What are Oscillators?
The term ‘oscillator’ refers to any tool that operates by creating a band of extreme values. They are a group of momentum indicators and function within the area created by a high and low marker. Once the oscillator sets the extremes, it creates a specialized trend indicator that registers any market fluctuations by oscillating within that range. Generally, oscillators take volume and/or price as variables in their operations.
The most popular oscillators available for technical analysis are Rate of Change (ROC), Relative Strength Index (RSI), Money Flow Index (MFI), and the Stochastic Oscillator. Traders can apply these to their trades to analyze and observe market situations which can help them form more informed decisions and improve their trading strategies. When used in conjunction with each other, oscillators give a comprehensive view of the market.
Characteristics of an Oscillators:
Oscillators exhibit different behavior and patterns for various market situations. Traders need to be aware of the following properties of oscillators to understand their signals.
- Divergence: Divergence occurs in an oscillator when the price or volume of the security moves in the opposite direction of the indicator. Under normal market conditions, the indicator and the asset’s price or volume move in the same direction as each other. This indicates trend reversals for securities.
- Midpoint Line Crossing: The midpoint line crossing is a significant marker for an oscillator. It usually functions within a range of 0 to 100. When it crosses the mark of above or below 50, it indicates a trend change for a security.
- Overbought Conditions: An asset is said to be overbought when it appears at a price above or higher than its fair price. Such assets are considered overvalued in the market.
- Oversold Conditions: An asset is said to be oversold when it works at a price below its fair price. Such assets are considered undervalued in the market.
Overbought or oversold assets are commonly followed by trend reversals to achieve their equilibrium prices. Investors need to know as and when securities are overbought or oversold since this decides whether the upcoming trend reversal will lead to an uptrend or a downtrend.
- Extreme Reading: The oscillators mostly remain within a range of 80-20 as high and low respectively. But these values can be crossed during strong uptrends or downtrends. The indicator registers them as overbought or oversold situations. But if the trends are lasting, traders need to readjust the overbought and oversold levels to make use of the oscillators.
Trading using Oscillators
- Rate of Change (ROC):
The ROC is an oscillator that calculates the percentage by which historical prices differ from current prices. While other oscillators have upper and lower limits, the ROC is simply plotted at a zero. It moves above or below the zero line when the price fluctuates for an asset. It is a good indicator to observe divergences, midline crosses and is also good for spotting overvalued or undervalued assets.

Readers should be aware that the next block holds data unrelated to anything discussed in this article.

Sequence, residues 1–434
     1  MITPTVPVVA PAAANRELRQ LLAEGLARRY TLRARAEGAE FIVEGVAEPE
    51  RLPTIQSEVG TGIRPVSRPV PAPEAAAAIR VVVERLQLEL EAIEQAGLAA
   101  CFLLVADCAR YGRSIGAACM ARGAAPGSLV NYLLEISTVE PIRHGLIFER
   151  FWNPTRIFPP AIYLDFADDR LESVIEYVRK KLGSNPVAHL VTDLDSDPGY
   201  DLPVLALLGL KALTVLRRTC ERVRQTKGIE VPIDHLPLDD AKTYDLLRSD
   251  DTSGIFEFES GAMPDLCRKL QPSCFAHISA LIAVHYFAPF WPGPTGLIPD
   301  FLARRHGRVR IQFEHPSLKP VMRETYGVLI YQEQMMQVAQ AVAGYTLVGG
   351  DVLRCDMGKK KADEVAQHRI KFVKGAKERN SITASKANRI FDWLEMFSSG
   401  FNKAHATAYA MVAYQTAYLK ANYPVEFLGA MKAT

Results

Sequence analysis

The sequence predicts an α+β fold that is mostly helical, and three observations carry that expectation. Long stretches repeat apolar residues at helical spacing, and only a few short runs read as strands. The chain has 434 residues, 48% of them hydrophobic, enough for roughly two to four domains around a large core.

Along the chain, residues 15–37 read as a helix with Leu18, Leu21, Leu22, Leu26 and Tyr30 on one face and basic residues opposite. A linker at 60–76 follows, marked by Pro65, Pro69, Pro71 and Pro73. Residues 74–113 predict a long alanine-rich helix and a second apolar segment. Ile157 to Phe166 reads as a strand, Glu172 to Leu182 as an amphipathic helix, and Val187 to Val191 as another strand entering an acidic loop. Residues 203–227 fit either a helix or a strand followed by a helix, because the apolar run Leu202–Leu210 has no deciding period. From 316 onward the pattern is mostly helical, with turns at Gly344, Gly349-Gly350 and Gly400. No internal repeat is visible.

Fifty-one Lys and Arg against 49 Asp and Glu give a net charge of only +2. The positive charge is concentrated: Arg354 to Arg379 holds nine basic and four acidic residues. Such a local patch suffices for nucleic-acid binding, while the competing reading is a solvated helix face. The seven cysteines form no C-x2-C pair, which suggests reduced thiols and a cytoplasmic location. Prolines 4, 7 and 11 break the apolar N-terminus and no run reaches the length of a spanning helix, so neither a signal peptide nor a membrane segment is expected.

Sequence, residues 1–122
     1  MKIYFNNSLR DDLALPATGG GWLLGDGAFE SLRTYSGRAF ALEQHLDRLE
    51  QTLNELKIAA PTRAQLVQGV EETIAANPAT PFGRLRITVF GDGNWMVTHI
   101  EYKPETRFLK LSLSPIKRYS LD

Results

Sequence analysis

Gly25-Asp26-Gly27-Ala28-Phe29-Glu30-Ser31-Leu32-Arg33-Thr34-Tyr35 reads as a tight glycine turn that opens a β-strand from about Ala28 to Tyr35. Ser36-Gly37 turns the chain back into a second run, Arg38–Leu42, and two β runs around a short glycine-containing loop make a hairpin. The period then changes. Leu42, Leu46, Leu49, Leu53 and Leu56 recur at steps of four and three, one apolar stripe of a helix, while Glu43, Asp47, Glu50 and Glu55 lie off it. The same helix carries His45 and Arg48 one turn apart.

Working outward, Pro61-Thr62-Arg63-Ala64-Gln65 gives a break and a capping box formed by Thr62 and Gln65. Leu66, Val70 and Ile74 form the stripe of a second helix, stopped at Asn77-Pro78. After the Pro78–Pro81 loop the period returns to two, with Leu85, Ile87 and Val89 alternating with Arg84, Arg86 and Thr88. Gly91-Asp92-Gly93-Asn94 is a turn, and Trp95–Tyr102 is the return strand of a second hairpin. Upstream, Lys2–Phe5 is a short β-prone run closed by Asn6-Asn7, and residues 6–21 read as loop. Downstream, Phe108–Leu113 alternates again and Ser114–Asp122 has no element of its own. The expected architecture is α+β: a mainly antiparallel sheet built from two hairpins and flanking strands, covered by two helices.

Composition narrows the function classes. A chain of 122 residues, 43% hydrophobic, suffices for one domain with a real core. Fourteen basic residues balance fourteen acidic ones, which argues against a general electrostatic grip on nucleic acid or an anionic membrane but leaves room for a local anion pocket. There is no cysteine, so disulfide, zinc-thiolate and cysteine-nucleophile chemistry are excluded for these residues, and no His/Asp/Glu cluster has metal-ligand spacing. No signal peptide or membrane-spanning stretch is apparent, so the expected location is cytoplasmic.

The formula to measure ROC is:
Upward movements denote uptrends while downward movements denote downtrends in the ROC. When the ROC moves below the zero with prices moving up, it is a bearish divergence. When the ROC moves upwards with falling prices, it is a bullish divergence.
- Relative Strength Index (RSI):
Created by J. Wilder, the relative strength index is an oscillator that is used to recognize uneven trend behaviors in an asset’s price chart. It is majorly used to spot trend reversals and identify the strength of a trend at a particular point of time. By default, The RSI is calculated for a 14-period average, traders can change the time period for their trading goals.
It is calculated in two steps. To calculate the average gain or loss, take the gain or loss values for the past 14 days and see how many days have resulted in higher closing prices and how many have resulted in lower closing prices.
One way to trade the RSI is to enter at low and exit at high RSI. Experienced traders always advise to enter the market when the RSI is at around 30 and exit it when it is around 70.
- Money Flow Index (MFI):
The money flow index or MFI is an oscillator used to check whether a security is oversold or overbought.
The money flow index measures the security’s price and the volume to check its pricing mechanism. Time is a critical variable for the MFI. It marks the extreme figures during a fluctuating market and registers any anomalies in the prices. This lets traders analyze the behavior of both present and future prices. It also helps determine how much money has flown towards or away from the asset. The MFI makes it easy for traders to read the market conditions and make informed decisions.
The formula for its calculation is as follows:
- Stochastic Oscillator:
It is an oscillator that uses the closing prices of an asset to analyze its performance. It compares the current closing price to a range of past prices. It is majorly used to check for oversold or overbought signals.
The formula to calculate the stochastic oscillator is:
- C is the closing price.
- L14is the lowest price in 14 days.
- H is the highest price in 14 days.
Oscillators are a powerful group of tools for technical analysis. You can apply them to a variety of situations for thorough market analysis. Remember that no single oscillator gives a complete view of the market, you need to use them in combination with other technical and fundamental indicators for the most accurate results. Focus on healthy risk management and risk allocation with a diversified portfolio to prevent losses during trading.